Dr. Richard Zumkhawala-Cook, professor of English, will spend five months in India thanks to the Fulbright-Nehru Academic & Professional Excellence Award he recently received.

Zumkhawala-Cook will begin his work at The Maharaja Sayajirao University, Vadodara, Gujarat in January 2017. The title of his project is “The New Readers of Global India: Popular Fiction and National Identity.” He is the 16th Shippensburg faculty member to receive a Fulbright award since 1998.

“The Fulbright-Nehru Fellowship is a perfect way for me to pursue a number of my personal and professional interests,” he said. “I’ve been teaching an Indian novel course for English majors for over a decade at Shippensburg, and while doing my research for the course, I became fascinated by the explosion of popular or ‘pulp’ Indian novels written in English primarily for a non-literary Indian readership.”

The fellowship will also allow him to research how the “newest and hugely popular novels reflect and shape one of the globe’s largest and fast-growing middle-classes. And this population is full of increasingly avid readers of texts in English that represent the lives of educated, travelled and upwardly mobile families. I’ll be looking at the content of these novels, but I’ll also be investigating how the rapidly growing English-speaking, globally conscious, and monied population sees itself imagined in these narratives. I’ll also be researching how the expanding publishing industry is marketing these books.”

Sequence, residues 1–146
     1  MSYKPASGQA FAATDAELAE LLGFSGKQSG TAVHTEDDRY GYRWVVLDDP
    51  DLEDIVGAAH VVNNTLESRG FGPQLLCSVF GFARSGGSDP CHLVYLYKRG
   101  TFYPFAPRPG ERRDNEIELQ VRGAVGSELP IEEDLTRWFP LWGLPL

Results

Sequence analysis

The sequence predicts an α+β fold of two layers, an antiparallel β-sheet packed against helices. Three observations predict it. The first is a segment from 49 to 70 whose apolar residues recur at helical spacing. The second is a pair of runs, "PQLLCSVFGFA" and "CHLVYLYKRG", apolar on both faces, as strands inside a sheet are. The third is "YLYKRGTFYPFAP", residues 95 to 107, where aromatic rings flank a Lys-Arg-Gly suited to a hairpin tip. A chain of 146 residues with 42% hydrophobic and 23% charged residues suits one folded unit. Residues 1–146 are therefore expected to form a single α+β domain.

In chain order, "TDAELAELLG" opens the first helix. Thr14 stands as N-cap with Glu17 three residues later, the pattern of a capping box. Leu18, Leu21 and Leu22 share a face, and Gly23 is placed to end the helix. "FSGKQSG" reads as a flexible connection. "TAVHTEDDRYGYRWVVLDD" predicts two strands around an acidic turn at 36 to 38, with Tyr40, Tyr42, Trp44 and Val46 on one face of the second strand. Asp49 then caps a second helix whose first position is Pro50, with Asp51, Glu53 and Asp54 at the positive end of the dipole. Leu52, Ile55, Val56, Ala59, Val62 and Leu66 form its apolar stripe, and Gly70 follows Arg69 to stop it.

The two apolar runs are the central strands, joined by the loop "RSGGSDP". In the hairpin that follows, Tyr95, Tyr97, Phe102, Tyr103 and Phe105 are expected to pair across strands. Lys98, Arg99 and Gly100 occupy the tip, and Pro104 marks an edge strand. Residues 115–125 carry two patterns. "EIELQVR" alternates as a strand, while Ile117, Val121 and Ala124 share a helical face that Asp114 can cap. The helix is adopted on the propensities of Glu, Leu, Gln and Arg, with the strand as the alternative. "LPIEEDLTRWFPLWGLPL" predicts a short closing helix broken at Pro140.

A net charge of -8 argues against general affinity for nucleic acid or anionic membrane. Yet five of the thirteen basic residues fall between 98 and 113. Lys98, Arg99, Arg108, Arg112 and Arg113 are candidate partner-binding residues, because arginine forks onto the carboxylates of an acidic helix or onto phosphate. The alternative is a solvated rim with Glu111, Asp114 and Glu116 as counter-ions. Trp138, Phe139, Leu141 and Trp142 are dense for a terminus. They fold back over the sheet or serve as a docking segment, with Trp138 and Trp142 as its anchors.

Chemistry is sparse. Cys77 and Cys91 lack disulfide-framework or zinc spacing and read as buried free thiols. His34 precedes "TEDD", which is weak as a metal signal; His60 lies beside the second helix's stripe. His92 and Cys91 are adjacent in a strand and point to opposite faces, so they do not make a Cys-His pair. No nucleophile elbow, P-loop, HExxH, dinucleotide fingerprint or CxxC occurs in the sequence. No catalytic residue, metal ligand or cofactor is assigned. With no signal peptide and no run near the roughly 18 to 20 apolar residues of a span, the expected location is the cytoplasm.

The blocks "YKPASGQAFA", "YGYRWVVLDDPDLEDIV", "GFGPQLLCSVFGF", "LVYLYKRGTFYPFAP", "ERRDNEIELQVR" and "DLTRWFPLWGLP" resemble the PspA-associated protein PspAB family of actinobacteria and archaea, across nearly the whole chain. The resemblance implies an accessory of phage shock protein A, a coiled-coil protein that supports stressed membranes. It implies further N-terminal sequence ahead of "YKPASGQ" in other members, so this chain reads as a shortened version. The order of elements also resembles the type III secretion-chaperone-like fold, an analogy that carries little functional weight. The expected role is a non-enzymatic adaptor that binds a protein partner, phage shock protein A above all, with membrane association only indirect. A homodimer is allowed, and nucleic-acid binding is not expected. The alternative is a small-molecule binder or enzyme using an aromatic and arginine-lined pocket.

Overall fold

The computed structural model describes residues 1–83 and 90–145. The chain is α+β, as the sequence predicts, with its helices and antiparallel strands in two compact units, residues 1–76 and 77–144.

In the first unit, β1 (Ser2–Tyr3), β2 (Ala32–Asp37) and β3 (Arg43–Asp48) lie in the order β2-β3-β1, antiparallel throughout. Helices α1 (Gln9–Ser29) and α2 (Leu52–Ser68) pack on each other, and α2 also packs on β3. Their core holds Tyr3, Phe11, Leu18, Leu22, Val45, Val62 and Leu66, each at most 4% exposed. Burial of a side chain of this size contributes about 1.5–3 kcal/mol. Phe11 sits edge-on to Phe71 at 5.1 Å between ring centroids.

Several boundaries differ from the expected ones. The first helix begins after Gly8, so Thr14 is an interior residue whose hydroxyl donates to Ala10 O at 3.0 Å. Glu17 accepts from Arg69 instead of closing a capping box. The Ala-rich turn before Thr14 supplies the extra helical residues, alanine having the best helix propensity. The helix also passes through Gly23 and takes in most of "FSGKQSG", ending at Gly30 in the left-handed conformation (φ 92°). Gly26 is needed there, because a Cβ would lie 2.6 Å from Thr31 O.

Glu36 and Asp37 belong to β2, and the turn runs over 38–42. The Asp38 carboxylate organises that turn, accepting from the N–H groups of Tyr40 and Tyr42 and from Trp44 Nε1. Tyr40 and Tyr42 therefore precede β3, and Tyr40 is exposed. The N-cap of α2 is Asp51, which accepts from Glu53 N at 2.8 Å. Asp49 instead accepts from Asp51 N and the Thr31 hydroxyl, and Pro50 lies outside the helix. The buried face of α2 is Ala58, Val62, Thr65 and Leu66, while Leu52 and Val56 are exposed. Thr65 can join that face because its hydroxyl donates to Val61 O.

As part of his research, he will attend several of India’s literary festivals, including the world-famous Jaipur Literary Festival, which he said has become a magnet for many of India’s pop culture celebrities, from Bollywood film starts to the nation’s most renown politicians.

While in India, he will teach literature at Maharaja Sayajirao University. “I’ve always wanted to teach abroad. As a college student I studied abroad two different times and knew that as a professor I had to take advantage of this opportunity. I’m excited to discover how Indian college students understand the same British and American literature I’ve been teaching since I came to Shippensburg in 2001. I always learn so much from my students. I’ll definitely be bringing my Shippensburg classrooms with me to India. I expect I’ll be bringing my Indian classrooms back to Shippensburg when I return (in Fall 2017).”

Zumkhawala-Cook joined Shippensburg after teaching at Kenyon College, Miami University, Phillips Andover Academy and the Los Angeles Unified School District as a charter member of the Teach for America national teaching corps, according to his website. He also serves as the NCAA faculty athletics representative and regularly hosts a radio show on WSYC, the campus radio station. He earned his Ph.D. and master’s degrees from Miami University, and his bachelor’s degree from Colby College.

His research and teaching interests, according to his website, include 20th-Century British, Irish and postcolonial literature, composition, modernism, postcolonial studies, cultural studies and globalization. He is the author of the book Scotland as We Know It: Representations of National Identity in Literature, Film, and Popular Culture and was recently quoted in an article in The New Yorker on Donald Trump’s mother being an immigrant.